In the early 2000s, Pim Fortuyn became a notable and controversial public figure in the Netherlands. He opposed immigration on cultural grounds, arguing that Muslim immigration into the Netherlands would end up reversing the rights of women and LGBTQ+ people and stated that Islam is a 'backward culture' (the Dutch word for 'backward' can also mean 'retarded'). He was assassinated by a mentally-ill schizoidal left-wing activist who believed he was going to 'save the Netherlands' from the right-wing.
In the late 2000s, Geert Wilders, an outright Islamophobe who has compared the Qur'an to Mein Kampf and advocated for its banning, believes that the European Union and Muslim organisations are conspiring to 'Islamise' Europe, and was convicted of hate speech last December, is now a major political force in Netherlands, having become the de facto leader of the populist right in the Netherlands. The aforementioned conviction has only led to more popularity, since Dutch right-wingers can now claim persecution.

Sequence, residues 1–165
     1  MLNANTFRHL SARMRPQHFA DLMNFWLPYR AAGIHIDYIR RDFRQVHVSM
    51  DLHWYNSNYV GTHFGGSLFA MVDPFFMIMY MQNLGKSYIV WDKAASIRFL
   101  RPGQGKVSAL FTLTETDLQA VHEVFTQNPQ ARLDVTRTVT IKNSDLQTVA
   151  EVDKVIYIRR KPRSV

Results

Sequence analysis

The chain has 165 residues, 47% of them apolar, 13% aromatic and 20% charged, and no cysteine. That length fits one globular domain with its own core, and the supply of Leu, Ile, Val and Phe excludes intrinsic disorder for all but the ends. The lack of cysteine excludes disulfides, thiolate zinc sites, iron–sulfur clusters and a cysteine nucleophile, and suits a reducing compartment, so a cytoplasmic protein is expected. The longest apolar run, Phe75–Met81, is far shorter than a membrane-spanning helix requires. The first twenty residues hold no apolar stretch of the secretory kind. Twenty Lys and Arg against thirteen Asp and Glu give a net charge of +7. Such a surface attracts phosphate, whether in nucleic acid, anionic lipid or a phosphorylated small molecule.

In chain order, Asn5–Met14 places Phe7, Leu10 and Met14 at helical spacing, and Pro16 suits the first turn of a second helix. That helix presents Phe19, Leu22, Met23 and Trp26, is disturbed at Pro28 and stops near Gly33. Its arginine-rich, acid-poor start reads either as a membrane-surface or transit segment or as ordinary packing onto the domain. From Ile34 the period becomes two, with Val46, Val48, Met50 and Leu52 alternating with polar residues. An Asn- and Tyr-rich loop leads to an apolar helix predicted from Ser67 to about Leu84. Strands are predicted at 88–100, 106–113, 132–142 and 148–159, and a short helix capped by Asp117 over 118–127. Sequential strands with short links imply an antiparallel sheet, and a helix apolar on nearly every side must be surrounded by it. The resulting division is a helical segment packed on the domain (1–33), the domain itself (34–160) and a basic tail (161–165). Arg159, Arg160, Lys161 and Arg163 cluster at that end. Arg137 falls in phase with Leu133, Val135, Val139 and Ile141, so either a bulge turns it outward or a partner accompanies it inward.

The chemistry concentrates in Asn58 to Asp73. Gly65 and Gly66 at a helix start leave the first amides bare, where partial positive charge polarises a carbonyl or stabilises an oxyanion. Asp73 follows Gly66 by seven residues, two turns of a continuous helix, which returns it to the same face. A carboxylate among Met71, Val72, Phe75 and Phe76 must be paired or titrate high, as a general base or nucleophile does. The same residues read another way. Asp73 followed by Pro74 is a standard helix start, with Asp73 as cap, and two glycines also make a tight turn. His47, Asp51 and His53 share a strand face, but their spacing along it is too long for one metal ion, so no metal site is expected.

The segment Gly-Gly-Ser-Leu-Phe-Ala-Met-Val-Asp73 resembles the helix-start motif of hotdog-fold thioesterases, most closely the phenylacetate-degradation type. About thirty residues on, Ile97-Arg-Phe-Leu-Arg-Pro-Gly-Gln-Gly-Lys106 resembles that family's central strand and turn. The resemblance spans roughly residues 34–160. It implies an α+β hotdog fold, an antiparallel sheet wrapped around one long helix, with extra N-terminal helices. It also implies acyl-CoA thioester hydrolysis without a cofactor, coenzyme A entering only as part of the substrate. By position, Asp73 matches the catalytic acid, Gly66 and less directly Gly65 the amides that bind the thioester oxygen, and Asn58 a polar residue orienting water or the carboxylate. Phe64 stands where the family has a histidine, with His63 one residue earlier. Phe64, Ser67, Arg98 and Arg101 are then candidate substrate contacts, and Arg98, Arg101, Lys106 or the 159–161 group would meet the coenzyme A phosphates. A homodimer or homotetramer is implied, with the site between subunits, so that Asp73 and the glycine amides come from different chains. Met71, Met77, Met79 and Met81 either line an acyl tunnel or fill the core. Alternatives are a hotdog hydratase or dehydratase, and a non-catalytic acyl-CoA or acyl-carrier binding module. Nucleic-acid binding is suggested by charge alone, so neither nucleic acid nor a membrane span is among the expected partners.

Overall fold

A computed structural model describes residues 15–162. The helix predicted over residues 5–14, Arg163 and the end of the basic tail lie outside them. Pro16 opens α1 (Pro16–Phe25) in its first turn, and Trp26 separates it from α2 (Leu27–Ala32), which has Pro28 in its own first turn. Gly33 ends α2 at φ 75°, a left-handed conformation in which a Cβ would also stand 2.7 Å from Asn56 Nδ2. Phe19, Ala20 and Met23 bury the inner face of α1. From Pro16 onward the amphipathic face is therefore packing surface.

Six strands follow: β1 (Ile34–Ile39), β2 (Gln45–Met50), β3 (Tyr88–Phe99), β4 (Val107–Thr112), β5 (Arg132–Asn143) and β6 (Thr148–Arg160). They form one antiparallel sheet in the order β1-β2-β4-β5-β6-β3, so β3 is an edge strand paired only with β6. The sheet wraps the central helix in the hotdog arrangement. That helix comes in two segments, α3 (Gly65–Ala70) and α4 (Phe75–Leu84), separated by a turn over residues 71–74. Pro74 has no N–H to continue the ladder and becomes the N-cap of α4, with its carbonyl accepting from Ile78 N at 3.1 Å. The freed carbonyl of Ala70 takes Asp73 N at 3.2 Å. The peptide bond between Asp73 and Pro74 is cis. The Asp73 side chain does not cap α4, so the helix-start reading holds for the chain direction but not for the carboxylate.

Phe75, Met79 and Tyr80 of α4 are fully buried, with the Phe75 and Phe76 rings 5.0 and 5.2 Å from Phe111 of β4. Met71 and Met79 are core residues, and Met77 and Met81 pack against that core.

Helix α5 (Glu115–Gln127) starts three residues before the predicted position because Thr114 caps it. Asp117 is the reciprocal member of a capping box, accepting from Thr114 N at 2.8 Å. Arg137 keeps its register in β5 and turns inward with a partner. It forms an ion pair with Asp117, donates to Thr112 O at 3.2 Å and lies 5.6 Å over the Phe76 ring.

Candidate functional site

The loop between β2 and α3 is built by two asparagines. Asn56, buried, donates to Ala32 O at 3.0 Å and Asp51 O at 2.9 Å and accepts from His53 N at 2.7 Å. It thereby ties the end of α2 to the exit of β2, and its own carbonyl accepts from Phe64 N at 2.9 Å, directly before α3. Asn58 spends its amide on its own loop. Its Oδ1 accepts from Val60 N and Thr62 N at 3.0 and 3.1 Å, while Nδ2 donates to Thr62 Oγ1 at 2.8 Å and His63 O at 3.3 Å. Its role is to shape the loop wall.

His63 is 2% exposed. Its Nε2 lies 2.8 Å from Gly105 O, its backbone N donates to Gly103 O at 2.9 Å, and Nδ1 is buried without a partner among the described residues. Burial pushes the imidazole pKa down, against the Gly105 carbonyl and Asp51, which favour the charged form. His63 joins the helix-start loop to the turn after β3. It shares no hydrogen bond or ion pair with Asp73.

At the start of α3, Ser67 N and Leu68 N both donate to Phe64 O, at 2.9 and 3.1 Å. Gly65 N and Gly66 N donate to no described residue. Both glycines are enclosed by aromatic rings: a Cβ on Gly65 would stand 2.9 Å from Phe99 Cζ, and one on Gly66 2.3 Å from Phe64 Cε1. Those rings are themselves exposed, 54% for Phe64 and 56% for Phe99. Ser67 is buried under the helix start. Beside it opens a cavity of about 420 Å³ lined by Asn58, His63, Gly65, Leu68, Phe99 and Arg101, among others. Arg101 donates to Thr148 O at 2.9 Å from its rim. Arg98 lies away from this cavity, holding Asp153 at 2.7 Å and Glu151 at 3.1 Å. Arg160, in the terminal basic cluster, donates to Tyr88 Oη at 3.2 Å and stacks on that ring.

Let me tell you another story:
Holocaust denier Bradley Smith took out a full-page advertisement promoting Holocaust denialism in multiple university newspapers in the United Kingdom. Rather than refusing to run them, those papers ran them alongside an editorial on the opposite page refuting every point made in Smith's advert. Today, his influence is negligible and his group, the Committee for Open Debate on the Holocaust is minuscule and its influence limited to the fringes of the far-right.
I know I won't convince some people with these examples, but banning or using violence against white nationalists is only going to expand their influence. It'll just help them thrive in the shadows and on the fringes until they can refine themselves enough to mainstream their views.
Violence is not the key. Effective debate is.